One of my favourite quotes is from an anonymous American lawyer who quipped, circa 1990’s, “If the current rate of increase continues, by 2000 this country will have more lawyers than people.”1

More lawyers than people. I love that! I would love to see the day when there are more lawyers than people because lawyers make more sense to me. But, I suspect I will be waiting a while. And you will also be waiting awhile if you are waiting for legal jobs to disappear. It just won’t happen.

What will happen though is the nature of legal services will change. A lot more services will be provided on-line. More and more people will go out into firms of their own – rather than working in mega law firms. Service delivery will look very different to how it looks now. There are advances in technology daily. This is nothing new. Law is (inter alia) an enterprising industry and it will change to keep pace with the needs of the modern day consumer. It’s hard to speculate ultimately how it will all look but I am pretty confident that it won’t result in grand-scale unemployment for lawyers by any means.

The first part of your question really relates to whether or not you will be competitive in the employment market even though you have studied a purely on-line degree. My answer to that is that some workplaces might be influenced by this. But most won’t. In legal recruitment, employers are really looking for raw talent, drive, the capacity to deliver, the capacity to work well within teams (probably the most important quality) and – dare I say it – a passion for the job. Which is the perfect segue to my next point –

If I can make one suggestion to you – and one suggestion only – it is this: you have found something you really love doing. Stick with it! That puts you streets ahead of most of the world’s population who work to survive only. Think about it. You LOVE this! It’s unthinkable that you would give up on it at this early stage. And yes, that may actually mean moving to Broome. The good residents of Broome deserve good lawyers too don’t they?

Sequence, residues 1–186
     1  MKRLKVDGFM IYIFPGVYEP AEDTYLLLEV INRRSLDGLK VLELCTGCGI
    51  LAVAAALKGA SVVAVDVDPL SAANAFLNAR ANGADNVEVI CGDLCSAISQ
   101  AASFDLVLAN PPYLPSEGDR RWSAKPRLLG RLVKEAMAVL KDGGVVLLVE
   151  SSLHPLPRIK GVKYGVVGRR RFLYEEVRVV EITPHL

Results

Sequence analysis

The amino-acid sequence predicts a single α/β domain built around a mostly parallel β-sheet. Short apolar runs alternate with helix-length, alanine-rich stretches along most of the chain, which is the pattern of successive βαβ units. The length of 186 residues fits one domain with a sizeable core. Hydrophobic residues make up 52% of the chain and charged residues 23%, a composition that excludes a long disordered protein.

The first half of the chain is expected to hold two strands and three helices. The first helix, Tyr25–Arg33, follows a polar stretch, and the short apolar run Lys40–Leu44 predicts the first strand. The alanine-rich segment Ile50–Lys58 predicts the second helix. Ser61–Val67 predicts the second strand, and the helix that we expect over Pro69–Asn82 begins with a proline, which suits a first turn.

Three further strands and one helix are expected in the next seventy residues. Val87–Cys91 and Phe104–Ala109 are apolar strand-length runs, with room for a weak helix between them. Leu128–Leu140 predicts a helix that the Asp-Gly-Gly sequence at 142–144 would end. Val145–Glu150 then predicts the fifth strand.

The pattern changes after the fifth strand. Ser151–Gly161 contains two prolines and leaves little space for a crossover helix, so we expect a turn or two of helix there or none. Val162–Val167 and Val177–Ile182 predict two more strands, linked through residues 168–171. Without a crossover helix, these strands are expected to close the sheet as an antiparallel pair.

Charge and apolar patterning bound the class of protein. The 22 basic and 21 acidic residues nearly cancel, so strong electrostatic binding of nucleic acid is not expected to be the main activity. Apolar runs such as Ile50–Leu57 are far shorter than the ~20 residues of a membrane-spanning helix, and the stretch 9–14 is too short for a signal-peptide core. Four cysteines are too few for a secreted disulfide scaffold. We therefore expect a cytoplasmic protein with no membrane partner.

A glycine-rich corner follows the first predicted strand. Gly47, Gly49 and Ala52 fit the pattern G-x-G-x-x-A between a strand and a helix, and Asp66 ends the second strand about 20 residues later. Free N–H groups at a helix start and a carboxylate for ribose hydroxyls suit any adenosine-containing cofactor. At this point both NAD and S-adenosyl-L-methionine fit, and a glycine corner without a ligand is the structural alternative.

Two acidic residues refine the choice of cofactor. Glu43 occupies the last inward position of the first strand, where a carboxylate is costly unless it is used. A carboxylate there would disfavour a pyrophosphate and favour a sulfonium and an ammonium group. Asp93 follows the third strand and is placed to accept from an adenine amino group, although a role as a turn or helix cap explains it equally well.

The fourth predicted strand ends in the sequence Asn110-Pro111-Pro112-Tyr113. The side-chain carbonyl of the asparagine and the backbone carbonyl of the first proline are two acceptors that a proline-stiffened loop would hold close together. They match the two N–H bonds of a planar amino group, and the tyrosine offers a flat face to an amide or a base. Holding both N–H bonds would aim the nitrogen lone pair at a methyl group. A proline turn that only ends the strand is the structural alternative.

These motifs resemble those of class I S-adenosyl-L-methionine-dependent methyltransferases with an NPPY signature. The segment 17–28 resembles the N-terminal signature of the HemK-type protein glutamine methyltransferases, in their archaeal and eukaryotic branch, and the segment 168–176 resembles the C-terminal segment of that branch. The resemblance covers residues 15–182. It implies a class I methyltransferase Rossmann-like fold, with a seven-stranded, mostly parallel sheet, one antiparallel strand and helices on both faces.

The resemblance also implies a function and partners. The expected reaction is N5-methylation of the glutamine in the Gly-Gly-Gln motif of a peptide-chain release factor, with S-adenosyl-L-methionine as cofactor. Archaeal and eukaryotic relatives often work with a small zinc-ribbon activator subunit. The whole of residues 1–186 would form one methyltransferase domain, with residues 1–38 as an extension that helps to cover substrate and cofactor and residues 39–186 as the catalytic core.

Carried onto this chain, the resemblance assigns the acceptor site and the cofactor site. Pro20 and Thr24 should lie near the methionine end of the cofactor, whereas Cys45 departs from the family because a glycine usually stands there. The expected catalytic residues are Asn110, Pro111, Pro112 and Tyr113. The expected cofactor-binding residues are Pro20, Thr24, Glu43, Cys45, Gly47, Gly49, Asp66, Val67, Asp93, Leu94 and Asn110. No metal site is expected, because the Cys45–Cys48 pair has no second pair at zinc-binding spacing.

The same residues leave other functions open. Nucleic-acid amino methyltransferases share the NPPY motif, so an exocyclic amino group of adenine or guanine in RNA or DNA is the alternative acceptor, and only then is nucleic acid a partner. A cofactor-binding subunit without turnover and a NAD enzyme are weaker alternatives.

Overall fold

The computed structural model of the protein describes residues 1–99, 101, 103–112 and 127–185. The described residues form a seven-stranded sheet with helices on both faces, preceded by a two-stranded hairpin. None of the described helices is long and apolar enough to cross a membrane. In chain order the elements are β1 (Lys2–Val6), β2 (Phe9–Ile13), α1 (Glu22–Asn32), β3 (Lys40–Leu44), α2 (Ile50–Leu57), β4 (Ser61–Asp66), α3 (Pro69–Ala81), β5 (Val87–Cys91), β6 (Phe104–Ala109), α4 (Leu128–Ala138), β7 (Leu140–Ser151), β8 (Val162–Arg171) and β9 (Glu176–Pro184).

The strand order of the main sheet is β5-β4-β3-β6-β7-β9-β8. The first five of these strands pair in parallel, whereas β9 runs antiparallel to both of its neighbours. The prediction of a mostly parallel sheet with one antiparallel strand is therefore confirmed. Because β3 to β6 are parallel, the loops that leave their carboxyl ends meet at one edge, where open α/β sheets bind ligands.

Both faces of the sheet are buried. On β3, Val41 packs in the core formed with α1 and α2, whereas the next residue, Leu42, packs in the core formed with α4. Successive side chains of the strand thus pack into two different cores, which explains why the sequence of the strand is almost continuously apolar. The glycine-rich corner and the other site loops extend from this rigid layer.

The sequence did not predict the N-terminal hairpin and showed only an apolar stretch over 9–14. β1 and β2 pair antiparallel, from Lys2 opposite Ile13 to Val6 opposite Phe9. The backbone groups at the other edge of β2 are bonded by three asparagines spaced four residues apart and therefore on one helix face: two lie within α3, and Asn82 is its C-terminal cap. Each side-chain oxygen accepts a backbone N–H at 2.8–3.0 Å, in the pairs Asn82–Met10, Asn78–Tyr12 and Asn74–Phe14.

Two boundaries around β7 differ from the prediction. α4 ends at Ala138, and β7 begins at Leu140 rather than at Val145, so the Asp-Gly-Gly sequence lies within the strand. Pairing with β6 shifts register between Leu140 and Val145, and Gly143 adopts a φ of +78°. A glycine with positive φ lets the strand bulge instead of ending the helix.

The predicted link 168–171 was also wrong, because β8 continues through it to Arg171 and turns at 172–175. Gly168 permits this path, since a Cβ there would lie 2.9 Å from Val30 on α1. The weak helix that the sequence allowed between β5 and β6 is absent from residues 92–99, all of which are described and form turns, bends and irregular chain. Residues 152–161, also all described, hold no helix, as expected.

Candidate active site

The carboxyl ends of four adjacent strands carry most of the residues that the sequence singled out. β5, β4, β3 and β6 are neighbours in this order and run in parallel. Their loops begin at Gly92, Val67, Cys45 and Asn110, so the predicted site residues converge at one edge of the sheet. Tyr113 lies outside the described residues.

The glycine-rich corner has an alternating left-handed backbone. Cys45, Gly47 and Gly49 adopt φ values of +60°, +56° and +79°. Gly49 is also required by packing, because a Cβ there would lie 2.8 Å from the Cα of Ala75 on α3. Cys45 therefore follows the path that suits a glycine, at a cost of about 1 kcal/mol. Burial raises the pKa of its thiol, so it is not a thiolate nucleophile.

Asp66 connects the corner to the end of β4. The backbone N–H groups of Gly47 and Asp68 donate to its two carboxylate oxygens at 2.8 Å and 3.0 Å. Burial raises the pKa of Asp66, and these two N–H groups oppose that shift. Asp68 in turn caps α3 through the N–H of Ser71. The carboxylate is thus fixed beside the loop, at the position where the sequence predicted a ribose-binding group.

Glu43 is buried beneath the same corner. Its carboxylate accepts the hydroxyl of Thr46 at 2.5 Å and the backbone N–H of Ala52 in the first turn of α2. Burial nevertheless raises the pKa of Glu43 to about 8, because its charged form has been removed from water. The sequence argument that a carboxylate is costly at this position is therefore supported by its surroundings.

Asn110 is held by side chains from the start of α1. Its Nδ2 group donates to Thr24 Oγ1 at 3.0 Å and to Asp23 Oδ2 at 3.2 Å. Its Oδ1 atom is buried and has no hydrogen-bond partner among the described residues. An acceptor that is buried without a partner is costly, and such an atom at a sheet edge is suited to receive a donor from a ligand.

We need people in this profession who are here because they want to be. Because it is their passion. We need lawyers like you so, for god’s sake, don’t desert us now.

Arna Delle-Vergini


1 Taken from Marc Galanter, “More Lawyers than People: The Global Multiplication of Legal Professionals” in Scott L. Cummings (ed.), The Paradox of Professionalism: Lawyers and the Possibility of Justice (Cambridge University Press, 2011).

Are You Ever Too Old to be Brand New?


Dear newlawyerlanguage

I have a question about starting in the law as an ‘older’ lawyer with no experience.

From your experience, what is th e best way for a person, with no experience in the law to get their first job?

I started law ‘late’ in my late 20’s (yes I know that is not old!). After having a family and moving around the world with my husband for his work I will return to Australia to practise in the next year or so.

I will have completed my PLT and will have studied a Masters of Law (as I stay at home with my young children and love the study).

I am worried about the large ‘gap’ in my CV during which I studied and had a family. Being located overseas means that I can be involved in some aspects of the Law Societies however it is difficult being so far away to make any networks.

I believe that I would be a much better employee now that I am in my mid 30s and have life experiences. I do have past employment but these are in unskilled areas and are now getting dated.

I truly believe that once I get an opportunity at a firm I will be able to prove that I was a worthy choice. My worry though is that it will be difficult to get that initial ‘foot in the door’ given that I know no one. I am not looking for big firms and hope to work in family law or something similar in a smaller firm. I have heard of a friend who is an older lawyer that was forced to move to Alice Springs to get his first law job (not an option for me with a working spouse) and I am scared I have chosen the wrong career (even though I love the law).